Now, before you pull your kindergartener into the weight room, remember that chronological age is not a great marker for when to start athletes in a strength training program. Biological age and emotional maturity will dictate this, as well as the ability to maintain the proper posture and positions necessary to complete exercises safely (24). The level of effectiveness of improving motor skill performances (jumping, running, and throwing) has been shown to be greater in children (pre-puberty) than in adolescents (post-puberty) who are all participating in strength training(25). This highlights that the effectiveness stretches beyond just muscular hypertrophy, since children do not have the proper androgen profile to significantly change that. Because of this, the goals for all youth protocols should be an increase in strength, function, and control as opposed to making significant gains in lean mass. When training children and adolescents, the view should always be long-term and the training should reflect the mechanism at play aligning with the athlete’s developmental stage(26).
Variation Not Randomization
Because a lot of the gains made from strength training in youth come from neural adaptations, detraining will occur rapidly(27). So, children should be encouraged to participate in a year-round resistance training program in order to maintain training-induced improvements in strength and coordination. Data shows that increases in strength gains directly increase with the frequency of training sessions per week(25). However, in order to avoid both overtraining or a plateau in gains, youth strength training programs should follow a model of progressive and systematic overload with a variation in exercise selection, intensity, volume, and frequency(28). This will also lead to a decrease in overuse injuries and, potentially, boredom by the children. But, don’t go off the rails here. Varied simply means not hitting 365 days of bench press (@Luke) or sitting in a single plane of motion all training session. Squat, step, lunge, push, pull. Boom…variance!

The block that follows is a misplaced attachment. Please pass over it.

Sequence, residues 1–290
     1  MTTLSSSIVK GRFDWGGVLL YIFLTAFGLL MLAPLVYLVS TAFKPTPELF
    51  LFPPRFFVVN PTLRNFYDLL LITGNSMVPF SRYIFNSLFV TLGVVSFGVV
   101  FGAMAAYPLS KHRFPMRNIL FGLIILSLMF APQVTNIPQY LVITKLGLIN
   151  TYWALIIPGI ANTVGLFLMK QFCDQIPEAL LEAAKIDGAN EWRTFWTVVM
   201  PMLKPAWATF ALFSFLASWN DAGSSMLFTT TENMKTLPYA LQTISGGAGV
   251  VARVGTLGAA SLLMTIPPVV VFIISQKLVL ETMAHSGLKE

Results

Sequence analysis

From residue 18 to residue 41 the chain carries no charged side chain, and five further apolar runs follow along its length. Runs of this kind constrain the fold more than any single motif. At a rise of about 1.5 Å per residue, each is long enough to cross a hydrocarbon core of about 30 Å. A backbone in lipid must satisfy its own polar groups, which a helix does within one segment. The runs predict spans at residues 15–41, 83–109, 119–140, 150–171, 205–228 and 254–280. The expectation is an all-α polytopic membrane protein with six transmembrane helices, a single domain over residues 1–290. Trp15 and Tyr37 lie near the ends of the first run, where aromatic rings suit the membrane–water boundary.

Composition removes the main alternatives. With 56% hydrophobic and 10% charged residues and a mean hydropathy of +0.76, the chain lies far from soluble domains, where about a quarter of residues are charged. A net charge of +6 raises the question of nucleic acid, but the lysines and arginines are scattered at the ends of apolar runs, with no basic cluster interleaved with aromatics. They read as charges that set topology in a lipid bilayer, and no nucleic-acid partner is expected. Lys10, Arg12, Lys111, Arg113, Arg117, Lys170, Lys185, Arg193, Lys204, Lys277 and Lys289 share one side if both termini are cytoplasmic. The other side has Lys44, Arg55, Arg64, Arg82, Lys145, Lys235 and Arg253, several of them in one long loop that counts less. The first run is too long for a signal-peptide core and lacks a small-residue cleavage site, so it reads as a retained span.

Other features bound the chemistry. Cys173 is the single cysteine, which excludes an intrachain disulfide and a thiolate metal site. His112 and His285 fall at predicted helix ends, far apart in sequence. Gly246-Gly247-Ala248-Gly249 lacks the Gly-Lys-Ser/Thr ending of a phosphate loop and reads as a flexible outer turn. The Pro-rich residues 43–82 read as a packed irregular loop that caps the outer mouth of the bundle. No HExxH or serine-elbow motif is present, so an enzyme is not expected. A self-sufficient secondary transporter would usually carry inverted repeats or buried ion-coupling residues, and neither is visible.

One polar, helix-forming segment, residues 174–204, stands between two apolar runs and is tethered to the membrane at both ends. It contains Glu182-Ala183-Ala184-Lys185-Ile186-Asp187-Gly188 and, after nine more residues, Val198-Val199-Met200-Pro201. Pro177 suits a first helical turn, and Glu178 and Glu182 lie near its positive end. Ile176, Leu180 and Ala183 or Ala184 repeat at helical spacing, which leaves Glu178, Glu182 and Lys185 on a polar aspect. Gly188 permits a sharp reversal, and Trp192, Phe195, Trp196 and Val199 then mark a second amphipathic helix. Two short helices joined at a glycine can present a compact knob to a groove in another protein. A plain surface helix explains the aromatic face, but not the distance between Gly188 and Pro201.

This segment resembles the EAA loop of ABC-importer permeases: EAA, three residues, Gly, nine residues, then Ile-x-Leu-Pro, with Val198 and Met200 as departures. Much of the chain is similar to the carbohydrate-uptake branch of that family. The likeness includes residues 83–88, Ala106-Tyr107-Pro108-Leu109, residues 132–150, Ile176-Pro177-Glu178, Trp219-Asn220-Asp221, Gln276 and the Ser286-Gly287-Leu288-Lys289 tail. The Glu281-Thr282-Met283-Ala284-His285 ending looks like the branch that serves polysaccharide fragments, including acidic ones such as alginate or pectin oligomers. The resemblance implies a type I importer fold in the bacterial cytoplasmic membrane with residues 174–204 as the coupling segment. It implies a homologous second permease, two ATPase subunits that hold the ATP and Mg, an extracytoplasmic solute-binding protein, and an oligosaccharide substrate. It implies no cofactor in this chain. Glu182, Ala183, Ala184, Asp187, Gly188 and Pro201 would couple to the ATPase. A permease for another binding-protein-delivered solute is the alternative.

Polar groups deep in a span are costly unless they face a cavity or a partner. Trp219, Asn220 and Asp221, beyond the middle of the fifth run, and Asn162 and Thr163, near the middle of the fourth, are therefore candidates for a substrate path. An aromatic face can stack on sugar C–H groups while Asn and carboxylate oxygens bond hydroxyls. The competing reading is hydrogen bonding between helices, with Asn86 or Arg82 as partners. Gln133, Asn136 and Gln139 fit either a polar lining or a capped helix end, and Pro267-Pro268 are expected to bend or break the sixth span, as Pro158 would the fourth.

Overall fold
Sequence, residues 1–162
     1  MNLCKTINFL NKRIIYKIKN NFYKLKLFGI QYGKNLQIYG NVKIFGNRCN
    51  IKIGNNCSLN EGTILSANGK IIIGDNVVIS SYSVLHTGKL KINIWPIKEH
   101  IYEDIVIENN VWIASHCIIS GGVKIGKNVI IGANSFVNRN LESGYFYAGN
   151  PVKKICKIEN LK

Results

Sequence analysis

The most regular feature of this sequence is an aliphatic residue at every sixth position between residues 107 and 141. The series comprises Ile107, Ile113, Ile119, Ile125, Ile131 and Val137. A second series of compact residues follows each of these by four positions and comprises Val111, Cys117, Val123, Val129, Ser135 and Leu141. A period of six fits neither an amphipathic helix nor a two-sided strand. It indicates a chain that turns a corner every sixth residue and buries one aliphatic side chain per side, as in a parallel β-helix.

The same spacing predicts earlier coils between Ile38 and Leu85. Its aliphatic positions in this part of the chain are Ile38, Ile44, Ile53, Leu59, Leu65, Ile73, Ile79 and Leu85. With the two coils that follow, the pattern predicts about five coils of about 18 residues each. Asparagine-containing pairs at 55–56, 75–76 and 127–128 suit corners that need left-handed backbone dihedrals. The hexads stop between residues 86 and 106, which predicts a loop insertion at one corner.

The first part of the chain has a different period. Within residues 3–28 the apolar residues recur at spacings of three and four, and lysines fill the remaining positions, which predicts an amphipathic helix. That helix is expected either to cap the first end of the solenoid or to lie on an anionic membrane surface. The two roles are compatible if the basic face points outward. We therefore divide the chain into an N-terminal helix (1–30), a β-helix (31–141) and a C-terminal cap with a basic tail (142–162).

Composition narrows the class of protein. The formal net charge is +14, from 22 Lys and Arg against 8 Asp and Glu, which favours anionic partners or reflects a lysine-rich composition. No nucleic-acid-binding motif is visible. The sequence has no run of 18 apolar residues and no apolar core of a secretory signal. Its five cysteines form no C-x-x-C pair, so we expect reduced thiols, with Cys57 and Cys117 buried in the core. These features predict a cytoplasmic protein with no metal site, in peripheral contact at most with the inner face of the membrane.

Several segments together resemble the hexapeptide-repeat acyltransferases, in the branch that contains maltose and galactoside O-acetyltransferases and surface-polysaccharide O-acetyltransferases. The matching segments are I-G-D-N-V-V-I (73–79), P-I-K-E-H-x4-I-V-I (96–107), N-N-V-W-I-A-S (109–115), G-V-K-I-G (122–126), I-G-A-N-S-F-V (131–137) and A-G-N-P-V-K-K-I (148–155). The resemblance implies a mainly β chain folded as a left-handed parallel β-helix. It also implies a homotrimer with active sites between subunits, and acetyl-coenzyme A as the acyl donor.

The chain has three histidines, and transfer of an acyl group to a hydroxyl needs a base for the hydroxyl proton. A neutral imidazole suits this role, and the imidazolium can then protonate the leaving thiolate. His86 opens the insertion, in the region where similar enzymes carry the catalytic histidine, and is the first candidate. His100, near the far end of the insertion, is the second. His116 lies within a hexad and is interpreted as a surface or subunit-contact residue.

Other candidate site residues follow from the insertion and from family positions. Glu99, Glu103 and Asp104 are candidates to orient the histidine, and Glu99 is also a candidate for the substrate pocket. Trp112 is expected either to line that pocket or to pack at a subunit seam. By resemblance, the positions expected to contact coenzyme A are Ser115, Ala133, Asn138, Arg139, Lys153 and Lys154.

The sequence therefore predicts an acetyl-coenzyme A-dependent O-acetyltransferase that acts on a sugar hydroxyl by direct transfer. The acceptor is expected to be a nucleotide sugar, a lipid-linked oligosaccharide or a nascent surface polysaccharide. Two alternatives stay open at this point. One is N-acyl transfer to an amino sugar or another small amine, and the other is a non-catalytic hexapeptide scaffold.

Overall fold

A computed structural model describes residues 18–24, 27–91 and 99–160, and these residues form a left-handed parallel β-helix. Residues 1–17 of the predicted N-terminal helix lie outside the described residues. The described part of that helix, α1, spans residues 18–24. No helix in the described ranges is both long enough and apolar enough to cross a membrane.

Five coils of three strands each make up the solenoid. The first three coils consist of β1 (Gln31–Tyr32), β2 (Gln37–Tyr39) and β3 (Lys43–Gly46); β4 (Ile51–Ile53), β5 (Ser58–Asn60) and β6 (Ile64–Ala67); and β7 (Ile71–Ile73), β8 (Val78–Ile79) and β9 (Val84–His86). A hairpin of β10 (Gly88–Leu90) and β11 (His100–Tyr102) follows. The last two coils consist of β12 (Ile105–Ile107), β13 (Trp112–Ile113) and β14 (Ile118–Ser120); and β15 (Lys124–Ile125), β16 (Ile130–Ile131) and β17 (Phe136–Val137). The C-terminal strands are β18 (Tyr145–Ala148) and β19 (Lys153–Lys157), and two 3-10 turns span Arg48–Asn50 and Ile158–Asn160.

Chomping at the Bit
Alright coach, are you starting to get the picture? Are the pieces of the puzzle that is youth training coming together? We’ve identified the “why”: injury prevention, athleticism, and healthy development. We’ve danced around the macro view of the “how”: progressive and systematic overload with variance in movement. All that’s left is the “what”: the sets and reps. We’ll get there, but at this point you have the necessary tools to start building your program. Get to the drawing board now and we’ll fill in the gaps next time.